husband and son have filled
a cabin behind their house on
Hobbs Road with everything
Christmas of which they
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From snow that falls every
night to trains that never
tire of saying choo-choo as
they run over their carefully
built tracks, the Instasis
thought of everything for the
holiday season. The Instasis
are in the third year of presenting
a Christmas village
beyond their wildest dreams
for the citizens of Glascock
Though it took years to collect all the items from all over the world to create a second North Pole, the Instasis took three months to build the cabin and four weeks to fill the insides to the brim with anything related to Christmas.
“We have them from anywhere we’ve been,” Barbara said.
“We’ve been around the world,” her son added, “actually overseas for most of my life.”
From the beginning of his life, Roy Jr. knew that the holiday season and being forever young were going to be apart of it. He said his father bought him a train set for Christmas when he was five-months-old.
“I think it might have been for him,” Roy Jr. said.
Barbara has always had a special connection to Christmas. She was born on Christmas Eve, Dec. 24.
“I always felt like I got gypped at Christmas,” she said.
Though the Instasis are not originally from Glascock County, Barbara hails from Virginia and her husband, Roy Sr., is originally from Massachusetts, they found their way to Glascock County with the help of Barbara’s mother.
The family moved here to help with her sick mother, who lived in Thomson, only to lose her to a massive heart attack a few days after they closed on their house.
That was 16 years ago. In those 16 years, the Instasi house has been the keeper of all things Christmas up until a few years ago, when Barbara felt it was time to let her obsessions go, but not far, just to the back yard.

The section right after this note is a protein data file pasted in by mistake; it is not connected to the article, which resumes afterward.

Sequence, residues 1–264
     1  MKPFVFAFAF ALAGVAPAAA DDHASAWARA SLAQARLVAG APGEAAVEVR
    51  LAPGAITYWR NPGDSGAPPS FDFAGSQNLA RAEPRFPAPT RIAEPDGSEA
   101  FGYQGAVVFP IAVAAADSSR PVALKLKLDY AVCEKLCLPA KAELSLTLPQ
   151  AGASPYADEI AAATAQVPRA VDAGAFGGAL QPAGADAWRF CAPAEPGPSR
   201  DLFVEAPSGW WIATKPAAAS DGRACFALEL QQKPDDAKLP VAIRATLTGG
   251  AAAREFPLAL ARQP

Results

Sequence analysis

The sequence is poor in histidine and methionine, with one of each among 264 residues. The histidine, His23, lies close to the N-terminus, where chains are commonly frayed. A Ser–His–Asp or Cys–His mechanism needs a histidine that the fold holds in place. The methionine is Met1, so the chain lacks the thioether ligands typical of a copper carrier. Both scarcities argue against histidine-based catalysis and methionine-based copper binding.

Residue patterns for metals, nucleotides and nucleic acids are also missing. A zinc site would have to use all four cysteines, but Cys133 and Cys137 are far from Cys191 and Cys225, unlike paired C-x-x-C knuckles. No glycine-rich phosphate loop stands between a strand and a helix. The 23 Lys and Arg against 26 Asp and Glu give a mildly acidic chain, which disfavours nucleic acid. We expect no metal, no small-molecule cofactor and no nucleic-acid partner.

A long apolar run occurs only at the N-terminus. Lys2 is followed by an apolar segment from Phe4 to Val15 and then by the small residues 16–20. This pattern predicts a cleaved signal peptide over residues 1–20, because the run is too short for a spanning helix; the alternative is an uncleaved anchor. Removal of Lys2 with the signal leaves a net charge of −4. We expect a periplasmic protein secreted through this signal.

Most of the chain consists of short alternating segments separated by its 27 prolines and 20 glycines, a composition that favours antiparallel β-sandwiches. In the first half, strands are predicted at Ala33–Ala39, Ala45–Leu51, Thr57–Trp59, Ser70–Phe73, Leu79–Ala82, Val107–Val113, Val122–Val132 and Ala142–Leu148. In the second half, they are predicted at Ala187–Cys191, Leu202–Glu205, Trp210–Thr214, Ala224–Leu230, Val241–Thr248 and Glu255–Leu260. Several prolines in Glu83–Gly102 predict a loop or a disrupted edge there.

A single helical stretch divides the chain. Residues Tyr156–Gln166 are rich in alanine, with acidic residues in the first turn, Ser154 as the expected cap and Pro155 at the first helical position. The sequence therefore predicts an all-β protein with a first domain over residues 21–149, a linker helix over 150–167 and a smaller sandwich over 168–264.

“My house outgrew my Santa Clauses,” Barbara said. “My kids would say mom you have too much noise.”
In Virginia, where the Instasis lived before relocating, Barbara said she used to display a simple Christmas village for the holidays. Now the village has turned into a metropolis with every kind of Santa and Christmas spirited figurine, toy or stuffed animal you can imagine.
Roy Jr. said that the last time he tried to tally the collection, he lost count at 1,119.
“I enjoy being in the Christmas spirit all year long,” Barbara said, adding, “Because it’s different.”
Barbara’s favorite piece sits just to the left of the entrance, a talking, rocking Santa whose white beard greets you as you enter the door.
“He is my favorite piece,” Barbara said. “My best friend in Kentucky gave it to me.”
To be the perfect piece for Barbara’s still growing collection, there is only one requirement.
“It has to be different,” Barbara said. “Something you’ve never seen before.”
But right now, Barbara said that she is running out of room for her Christmas family, unless she decides to fill her house again.
“Gosh! I’ve never seen so many Santa Clauses.”
This is a normal reaction, if there is one, which Barbara said she receives from visitors to the astonishing collections of Christmas cheer that the Instasis have been able to fit in their cabin.
Barbara and her son said that they are looking forward to visitors looking to also get in the holiday spirit. The cabin is open each night from 6 to 9 p.m. Barbara said they are also open for schools to bring little ones, who are on a first name basis with jolly, old St. Nick, to the cabin to let their imaginations run wild in the house that Christmas built.
To make arrangements, call (706) 598-2349.